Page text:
In some types of employment law matters, employees sometimes bring a companion claim — formally known as a claim for “Intentional Infliction of Emotional Distress”.

Still not a good idea

Often times it fails because it is a very difficult claim to establish in the workplace.  Why? Because the employee must show that the behavior was “extreme and outrageous”.

Courts have used an oft-repeated quote to figure this out and have even used this for jury instructions:

Liability has been found only where the conduct has been so outrageous in character, and so extreme in degree, as to go beyond all possible bounds of decency, and to be regarded as atrocious, and utterly intolerable in a civilized community. Generally, the case is one in which the recitation of the facts to an average member of the community would arouse his resentment against the actor, and lead him to exclaim, ‘Outrageous!’.

Now, I’m not sure that too many people go around just exclaiming “Outrageous”, but perhaps that’s the court’s point. It is the rare case that meets this criteria.

In a case to be officially released by the Connecticut Appellate Court next week, the Court once again rejected the employee’s claims.

In Cassotto v. Aeschilman (download here), the employee claimed four things:

(1) Defendant deliberately misinformed the plaintiff about a directive from his superior, thereby placing him at risk of violating work rules; (2) falsely reported to others, whose identities are unknown to the plaintiff, that the plaintiff engaged in outbursts and irrational behavior; (3) became ‘‘violently angry’’ at the plaintiff such that he feared for his physical safety and (4) on one occasion ‘‘look[ed] directly at the plaintiff and stat[ed]: ‘Bang. Bang.’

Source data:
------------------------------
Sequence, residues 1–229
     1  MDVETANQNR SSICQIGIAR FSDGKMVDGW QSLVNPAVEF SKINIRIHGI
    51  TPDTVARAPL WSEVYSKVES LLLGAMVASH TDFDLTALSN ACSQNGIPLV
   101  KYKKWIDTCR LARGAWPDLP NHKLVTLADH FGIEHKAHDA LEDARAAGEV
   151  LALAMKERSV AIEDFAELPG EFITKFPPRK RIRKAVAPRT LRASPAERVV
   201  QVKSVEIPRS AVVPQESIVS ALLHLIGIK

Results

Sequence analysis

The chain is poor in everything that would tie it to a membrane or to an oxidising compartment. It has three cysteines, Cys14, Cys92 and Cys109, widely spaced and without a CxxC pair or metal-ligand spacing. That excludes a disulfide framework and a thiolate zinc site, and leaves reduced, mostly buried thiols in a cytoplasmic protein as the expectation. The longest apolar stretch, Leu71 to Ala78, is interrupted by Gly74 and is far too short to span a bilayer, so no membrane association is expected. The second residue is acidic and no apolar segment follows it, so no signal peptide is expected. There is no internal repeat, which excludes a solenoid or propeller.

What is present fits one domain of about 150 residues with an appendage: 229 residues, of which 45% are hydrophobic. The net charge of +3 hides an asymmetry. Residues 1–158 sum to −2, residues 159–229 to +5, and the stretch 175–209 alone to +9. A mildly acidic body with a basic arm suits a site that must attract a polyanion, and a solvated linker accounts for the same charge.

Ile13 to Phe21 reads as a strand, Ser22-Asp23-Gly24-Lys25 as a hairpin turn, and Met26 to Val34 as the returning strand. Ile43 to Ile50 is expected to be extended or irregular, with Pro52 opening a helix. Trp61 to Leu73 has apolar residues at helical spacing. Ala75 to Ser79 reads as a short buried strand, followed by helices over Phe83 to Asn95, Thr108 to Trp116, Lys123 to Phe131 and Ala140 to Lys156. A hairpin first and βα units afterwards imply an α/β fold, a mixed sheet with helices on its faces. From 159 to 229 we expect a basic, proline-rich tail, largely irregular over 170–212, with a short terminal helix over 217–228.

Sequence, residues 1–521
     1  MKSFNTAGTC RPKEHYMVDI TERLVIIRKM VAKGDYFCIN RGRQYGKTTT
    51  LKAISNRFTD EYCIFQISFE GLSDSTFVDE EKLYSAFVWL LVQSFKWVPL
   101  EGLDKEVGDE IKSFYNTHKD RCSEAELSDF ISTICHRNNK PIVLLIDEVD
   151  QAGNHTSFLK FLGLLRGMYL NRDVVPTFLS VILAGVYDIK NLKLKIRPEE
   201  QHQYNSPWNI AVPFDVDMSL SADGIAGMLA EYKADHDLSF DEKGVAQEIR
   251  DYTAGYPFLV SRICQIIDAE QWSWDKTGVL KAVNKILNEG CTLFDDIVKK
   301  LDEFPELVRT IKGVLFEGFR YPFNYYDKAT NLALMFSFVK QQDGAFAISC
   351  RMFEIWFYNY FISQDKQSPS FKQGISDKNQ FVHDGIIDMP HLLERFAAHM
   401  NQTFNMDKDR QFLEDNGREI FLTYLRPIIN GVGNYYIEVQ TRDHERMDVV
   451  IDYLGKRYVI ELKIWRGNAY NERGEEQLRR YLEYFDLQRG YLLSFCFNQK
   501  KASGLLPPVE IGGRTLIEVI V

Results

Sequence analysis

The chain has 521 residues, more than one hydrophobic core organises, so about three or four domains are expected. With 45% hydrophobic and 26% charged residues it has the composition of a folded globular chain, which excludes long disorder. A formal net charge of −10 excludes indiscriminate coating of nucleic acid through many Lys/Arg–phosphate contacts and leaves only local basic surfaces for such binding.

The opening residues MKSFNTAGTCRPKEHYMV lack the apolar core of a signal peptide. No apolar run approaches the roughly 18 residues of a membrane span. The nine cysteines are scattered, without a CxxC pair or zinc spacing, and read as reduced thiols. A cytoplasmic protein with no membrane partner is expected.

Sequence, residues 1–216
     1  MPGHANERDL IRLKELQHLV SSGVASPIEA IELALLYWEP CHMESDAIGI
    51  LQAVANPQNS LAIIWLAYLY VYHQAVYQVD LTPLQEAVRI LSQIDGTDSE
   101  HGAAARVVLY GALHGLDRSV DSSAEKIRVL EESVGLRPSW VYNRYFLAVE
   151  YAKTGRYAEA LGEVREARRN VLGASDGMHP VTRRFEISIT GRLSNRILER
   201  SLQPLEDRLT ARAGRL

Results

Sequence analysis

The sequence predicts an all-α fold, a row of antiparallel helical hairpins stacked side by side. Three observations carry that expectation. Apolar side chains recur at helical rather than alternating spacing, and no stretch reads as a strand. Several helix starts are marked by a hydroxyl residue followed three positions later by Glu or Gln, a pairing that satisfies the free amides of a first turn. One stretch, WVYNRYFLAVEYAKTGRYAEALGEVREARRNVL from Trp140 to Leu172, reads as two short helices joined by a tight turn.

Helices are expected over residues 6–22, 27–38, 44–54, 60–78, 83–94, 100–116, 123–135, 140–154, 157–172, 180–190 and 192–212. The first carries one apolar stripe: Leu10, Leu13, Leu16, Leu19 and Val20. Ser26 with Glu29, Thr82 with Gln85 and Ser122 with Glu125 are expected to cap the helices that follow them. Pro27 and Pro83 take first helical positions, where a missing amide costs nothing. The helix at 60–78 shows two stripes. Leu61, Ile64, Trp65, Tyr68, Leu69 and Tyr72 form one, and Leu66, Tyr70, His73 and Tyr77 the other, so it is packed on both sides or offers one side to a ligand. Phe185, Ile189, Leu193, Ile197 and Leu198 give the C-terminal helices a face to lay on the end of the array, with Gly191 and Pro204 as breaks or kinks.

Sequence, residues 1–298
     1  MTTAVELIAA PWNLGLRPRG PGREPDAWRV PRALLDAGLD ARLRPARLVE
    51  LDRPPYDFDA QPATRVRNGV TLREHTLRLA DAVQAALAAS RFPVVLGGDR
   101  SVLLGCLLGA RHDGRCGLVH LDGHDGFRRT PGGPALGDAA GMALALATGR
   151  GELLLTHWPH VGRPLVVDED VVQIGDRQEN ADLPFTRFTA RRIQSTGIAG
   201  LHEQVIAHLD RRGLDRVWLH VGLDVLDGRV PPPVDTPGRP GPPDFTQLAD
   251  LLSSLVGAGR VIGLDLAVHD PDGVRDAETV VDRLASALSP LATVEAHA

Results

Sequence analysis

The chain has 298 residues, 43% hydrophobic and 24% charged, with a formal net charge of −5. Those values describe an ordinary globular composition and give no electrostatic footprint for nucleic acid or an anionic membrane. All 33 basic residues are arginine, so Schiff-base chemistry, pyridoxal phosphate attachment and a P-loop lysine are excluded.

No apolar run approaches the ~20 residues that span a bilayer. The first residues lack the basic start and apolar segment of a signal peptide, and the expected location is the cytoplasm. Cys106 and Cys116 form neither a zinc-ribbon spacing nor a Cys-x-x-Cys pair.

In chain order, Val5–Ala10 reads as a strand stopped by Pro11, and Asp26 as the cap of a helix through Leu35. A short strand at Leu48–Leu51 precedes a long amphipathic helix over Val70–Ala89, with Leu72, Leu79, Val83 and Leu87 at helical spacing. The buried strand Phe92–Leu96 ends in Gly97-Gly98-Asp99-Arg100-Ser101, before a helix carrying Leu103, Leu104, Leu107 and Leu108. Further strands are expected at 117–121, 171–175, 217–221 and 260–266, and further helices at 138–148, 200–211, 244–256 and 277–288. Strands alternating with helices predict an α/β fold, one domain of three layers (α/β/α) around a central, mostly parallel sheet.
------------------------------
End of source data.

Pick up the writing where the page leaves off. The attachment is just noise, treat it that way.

While such conduct — if true — may be “upsetting” to the employee, this court said, these incidents over a three year period are not extreme and outrageous. “The occurrences alleged by the plaintiff may very well have been distressing and hurtful to him. They do not, however, constitute extreme and outrageous conduct within the scope of the precedents of our Supreme Court and this court.”

What’s the takeaway for employers? If you do have a case where these types of claims are brought up, considering filing a motion to dismiss or strike those claims early.  Regardless, however, make sure to set rules on proper employee conduct and have avenues available for employees to complain about conduct.

Cassotto v. Aeschilman